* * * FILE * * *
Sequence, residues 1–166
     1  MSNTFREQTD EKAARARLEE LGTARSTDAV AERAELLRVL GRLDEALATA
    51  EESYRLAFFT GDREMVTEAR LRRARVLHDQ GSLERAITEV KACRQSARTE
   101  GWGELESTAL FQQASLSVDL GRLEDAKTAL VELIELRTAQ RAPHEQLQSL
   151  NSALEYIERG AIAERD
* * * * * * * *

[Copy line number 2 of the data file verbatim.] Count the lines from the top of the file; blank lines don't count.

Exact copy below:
     1  MSNTFREQTD EKAARARLEE LGTARSTDAV AERAELLRVL GRLDEALATA